Sens. Orrin Hatch, R-Utah, and Harry Reid, D-Nev., are sponsoring legislation that would pave the way for thorium nuclear-fuel reactors in the United States.

The bill, introduced in Congress this past week, could also potentially benefit two companies in Utah and Virginia.

Passage of the so-called Thorium Energy Independence and Security Act of 2008 would provide $250 million over five years to create a new oversight arm under the Nuclear Regulatory Commission and Department of Energy. The legislation calls for the eventual regulation of domestic thorium nuclear-power generation.

Hatch said it's time government had a regulatory structure to accommodate this "new generation" of nuclear power that has been gaining in popularity around the world.

Reid and Hatch have been at odds in recent years over a proposal to store nuclear waste at Nevada's Yucca Mountain. Hatch has supported the idea of storing waste there, while Reid has been a vocal opponent of the proposal.

"Given the political realities of Yucca Mountain, Congress needs to find real alternative solutions to the dilemma of storing our nation's spent nuclear fuels. This Hatch-Reid Thorium bill is a good first step in that direction," Hatch said Friday in an e-mail.

The bill's introduction came in the same week as a Senate vote in favor of a "nuclear cooperation agreement" that would allow U.S. companies to deal in India's burgeoning nuclear market. According to the World Nuclear Association, India has been developing a nuclear-fuel cycle to exploit its vast reserves of thorium.

Seth Grae, president and chief executive officer of Virginia-based Thorium Power Ltd. said in a news release that Hatch and Reid's thorium bill "will encourage the use of thorium-based fuels in other countries, helping to reinforce the benefits of enhanced proliferation-resistance and improved safety to energy programs of other nations."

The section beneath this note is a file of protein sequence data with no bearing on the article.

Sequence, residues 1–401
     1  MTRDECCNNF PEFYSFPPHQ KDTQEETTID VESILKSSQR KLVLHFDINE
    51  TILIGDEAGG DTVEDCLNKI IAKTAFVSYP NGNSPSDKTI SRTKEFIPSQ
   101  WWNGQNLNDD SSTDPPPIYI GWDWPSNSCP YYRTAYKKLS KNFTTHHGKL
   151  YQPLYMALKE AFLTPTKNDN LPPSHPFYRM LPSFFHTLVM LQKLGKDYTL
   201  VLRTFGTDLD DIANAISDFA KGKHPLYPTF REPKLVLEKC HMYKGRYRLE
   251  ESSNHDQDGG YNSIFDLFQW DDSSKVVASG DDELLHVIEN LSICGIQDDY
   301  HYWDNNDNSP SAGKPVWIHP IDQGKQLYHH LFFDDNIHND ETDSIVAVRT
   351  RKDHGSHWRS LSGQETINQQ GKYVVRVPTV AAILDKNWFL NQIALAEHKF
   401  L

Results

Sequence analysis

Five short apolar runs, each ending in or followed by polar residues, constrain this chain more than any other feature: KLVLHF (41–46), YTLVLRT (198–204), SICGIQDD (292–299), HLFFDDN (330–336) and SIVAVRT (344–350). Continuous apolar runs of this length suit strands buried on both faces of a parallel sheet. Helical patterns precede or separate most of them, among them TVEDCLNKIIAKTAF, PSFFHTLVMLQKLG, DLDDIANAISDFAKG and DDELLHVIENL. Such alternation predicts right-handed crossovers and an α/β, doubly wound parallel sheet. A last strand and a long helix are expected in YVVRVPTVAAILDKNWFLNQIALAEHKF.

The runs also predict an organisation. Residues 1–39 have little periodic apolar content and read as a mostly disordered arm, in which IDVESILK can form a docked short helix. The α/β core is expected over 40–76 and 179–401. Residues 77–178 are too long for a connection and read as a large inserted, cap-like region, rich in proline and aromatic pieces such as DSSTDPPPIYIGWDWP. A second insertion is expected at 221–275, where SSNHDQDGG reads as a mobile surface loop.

Hatch on Thursday touted thorium as lasting about three times longer than conventional nuclear fuel, thereby cutting the volume of spent nuclear-fuel waste. The naturally-occurring radioactive metal is also regarded as a means of reducing the possibility that a weapons-grade material could be derived from its use as an energy source.

The U.S. Environmental Protection Agency states that thorium is found in virtually all rock, soil and water and consequently in plants and animals. Monazite, thorite and thorianite are minerals that are rich in thorium, described as a soft, silvery white metal.

Utah-based Thorium Energy Inc. has claims to what it calls the richest high-grade thorium reserves in the United States, with 68 resource claims on about 20 acres each in the Lemhi Pass region on the border between Idaho and Montana. Company spokesman Jack Lifton praised the Hatch bill as a step toward a "safe, secure and independent energy future."

Thorium Power's Grae said Hatch and Reid's bill would "strengthen American technology and American business to compete in the global marketplace."

Thorium Power formed in 1992 to "develop and deploy" nuclear-fuel designs by Alvin Radkowsky, with the goal of not producing weapons-suitable plutonium as a waste byproduct. In 2007, the publicly-traded company announced an alliance with Russian government-owned Red Star.

Swedish chemist Jons Jakob Berzelius discovered thorium in 1828, naming the new element after Thor, the Norse god of thunder and weather, according to the EPA. The element's history of practical uses include X-rays, ceramic glazes and lantern mantels.

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